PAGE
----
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|Forbes Lauds NH's "Small Giants"|
|Published Tuesday, July 18, 2017|
The list is based on a book of the same name written by Bo Burlingham, a Forbes contributor and author on the topic of entrepreneurship. He writes that this year’s picks “aren’t opposed to growth—just to growth at all costs,” adding that they “have sound models, strong balance sheets and steady profits—all privately owned and closely held. They contribute to their communities. They have been acknowledged as outstanding by others in their field. And they do things any business can learn from.”
Bill Whyte, CEO and co-founder of Badger, says that after they were selected as a semi-finalist, he was interviewed by the magazine "at length to verify the information in our nomination form.”
New Hampshire is one of only 15 states represented on the list and one of just seven with more than one business listed. New England, in general, had a solid showing however. Barefoot Books in Massachusetts and Rhino Foods in Vermont also made the cut.
“A lot of these types of lists have a ton of companies on them, like the Inc. 5000,” says Travis York, president and CEO of GYK, which has worked with national brands like Moxie and Sweet Baby Ray’s as well as local campaigns for the NH Lottery and NH Tourism. “It’s phenomenal to be on a smaller list like this, especially considering the types of companies we’re being recognized alongside.”
Employees at GYK Antler's office in Manchester. Courtesy Photo.
Since taking over in 2011, York has transformed GYK from a regional ad agency to a conglomerate firm housing several different companies. York first decided to broaden GYK’s scope in 2011 with Big Brick Productions after realizing the company was outsourcing much of its TV production.
He brought on an old college friend who had gone on to become an Emmy-winning TV producer to add an in-house video production company to GYK’s arsenal. “It gave us a taste of what happens when you bring likeminded people together with different skills,” says York. “It enhanced results for our clients and helped us attract new business.”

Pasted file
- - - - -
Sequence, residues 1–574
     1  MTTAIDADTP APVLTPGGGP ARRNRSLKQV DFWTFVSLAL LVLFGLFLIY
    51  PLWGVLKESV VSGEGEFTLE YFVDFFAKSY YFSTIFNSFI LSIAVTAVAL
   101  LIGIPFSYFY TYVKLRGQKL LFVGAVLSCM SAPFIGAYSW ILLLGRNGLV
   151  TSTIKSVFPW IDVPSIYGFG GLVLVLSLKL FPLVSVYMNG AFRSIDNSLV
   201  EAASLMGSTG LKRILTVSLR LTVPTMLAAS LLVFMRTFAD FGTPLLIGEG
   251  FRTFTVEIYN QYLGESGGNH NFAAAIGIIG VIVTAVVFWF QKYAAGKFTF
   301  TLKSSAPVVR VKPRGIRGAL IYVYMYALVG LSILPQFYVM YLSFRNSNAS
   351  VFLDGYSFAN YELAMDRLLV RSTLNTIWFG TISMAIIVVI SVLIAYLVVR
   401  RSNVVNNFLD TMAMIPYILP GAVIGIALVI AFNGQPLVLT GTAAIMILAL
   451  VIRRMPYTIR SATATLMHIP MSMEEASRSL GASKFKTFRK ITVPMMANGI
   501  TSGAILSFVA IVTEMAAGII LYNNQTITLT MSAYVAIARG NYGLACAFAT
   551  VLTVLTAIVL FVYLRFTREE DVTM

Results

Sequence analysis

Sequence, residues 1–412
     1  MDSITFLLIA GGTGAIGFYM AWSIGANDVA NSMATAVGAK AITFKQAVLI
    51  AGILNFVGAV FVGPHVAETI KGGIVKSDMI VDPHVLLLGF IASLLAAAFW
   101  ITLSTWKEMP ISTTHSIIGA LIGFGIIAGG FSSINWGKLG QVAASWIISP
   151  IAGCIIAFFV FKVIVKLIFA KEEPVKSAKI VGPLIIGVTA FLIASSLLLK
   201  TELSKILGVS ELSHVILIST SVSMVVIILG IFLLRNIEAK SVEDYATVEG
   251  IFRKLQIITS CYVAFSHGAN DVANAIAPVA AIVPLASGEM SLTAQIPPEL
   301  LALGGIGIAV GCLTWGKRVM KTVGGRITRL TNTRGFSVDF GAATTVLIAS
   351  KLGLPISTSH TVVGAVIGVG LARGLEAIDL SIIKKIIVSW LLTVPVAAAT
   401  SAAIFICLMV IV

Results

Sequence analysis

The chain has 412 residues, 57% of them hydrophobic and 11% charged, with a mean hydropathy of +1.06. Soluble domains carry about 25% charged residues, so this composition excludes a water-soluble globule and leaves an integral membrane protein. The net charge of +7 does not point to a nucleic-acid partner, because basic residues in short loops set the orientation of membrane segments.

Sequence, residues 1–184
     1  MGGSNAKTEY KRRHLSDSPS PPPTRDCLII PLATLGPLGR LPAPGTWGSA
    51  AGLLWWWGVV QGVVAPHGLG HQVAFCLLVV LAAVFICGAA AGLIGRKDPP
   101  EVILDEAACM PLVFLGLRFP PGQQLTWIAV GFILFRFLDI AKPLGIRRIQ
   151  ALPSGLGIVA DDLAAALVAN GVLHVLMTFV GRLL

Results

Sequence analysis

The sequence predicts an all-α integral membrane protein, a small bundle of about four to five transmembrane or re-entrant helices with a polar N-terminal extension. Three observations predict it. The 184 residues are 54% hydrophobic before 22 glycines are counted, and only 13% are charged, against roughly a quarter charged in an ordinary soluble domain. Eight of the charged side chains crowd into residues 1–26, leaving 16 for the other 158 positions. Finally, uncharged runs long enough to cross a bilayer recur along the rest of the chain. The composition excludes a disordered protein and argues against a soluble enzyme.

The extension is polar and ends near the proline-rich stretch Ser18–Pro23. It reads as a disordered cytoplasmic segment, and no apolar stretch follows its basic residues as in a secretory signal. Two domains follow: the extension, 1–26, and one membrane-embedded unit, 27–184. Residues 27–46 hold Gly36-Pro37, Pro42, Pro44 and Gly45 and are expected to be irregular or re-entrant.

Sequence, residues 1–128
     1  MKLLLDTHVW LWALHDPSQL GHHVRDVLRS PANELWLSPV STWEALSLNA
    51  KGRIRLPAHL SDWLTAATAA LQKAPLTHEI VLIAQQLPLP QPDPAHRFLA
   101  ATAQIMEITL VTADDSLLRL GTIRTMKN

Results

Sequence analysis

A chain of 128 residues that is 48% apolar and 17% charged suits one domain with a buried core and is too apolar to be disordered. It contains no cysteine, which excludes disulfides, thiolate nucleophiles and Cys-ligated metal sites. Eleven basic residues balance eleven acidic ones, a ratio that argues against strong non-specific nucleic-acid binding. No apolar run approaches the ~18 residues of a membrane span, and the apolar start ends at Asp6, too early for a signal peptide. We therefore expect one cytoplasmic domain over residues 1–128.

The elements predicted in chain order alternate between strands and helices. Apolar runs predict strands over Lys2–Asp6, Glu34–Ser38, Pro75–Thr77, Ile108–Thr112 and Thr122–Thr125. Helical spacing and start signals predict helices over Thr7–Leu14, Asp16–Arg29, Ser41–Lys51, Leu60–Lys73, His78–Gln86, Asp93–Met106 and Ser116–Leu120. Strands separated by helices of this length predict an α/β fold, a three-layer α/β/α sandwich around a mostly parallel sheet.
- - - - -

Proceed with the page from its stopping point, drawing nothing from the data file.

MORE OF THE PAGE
GYK has only further diversified over the last several years. The company’s umbrella now houses Iron & Air Media, which publishes a quarterly lifestyle and motorcycle magazine; Noble & Cooley, a 165-year-old drum manufacturer that York helped transition from a sixth to seventh generation family-owned business; and York Athletics, a sports footwear and apparel company.
And in the process of exploring other ventures like Big Brick, GYK launched Explorics to aggregate marketing data and Thunders & Watt as an in-house music production firm.
“All these entities share the same resources and back office, which significantly minimizes expenses and expands their impact,” says York.
Bill Whyte, second from right, with members of the W.S. Badger team. Courtesy Photo.
Badger landed on Forbes’ list due to consistent growth, its standing as a steward of the environment and its employees, which has earned the company a spot among Business NH Magazine’s Best Companies to Work For list three years in a row.
Badger’s line of skincare products started as a blend of beeswax and olive oil that Whyte used when he was a carpenter battling cracked hands in the winter months.
Two decades later, Badger is now an international brand that became one of the first B Corps in NH and now places a keen emphasis on employee well being, including an organic lunch prepared daily, a babies at work program and annual donations to charities of employees’ choosing.
“I like people and being nice to people, and I’d be doing that whether I was driving a cab or running a business,” says Whyte. “You’re so much better off when you treat employees with respect. It makes for such a positive culture and experience, and they return that to the company.”
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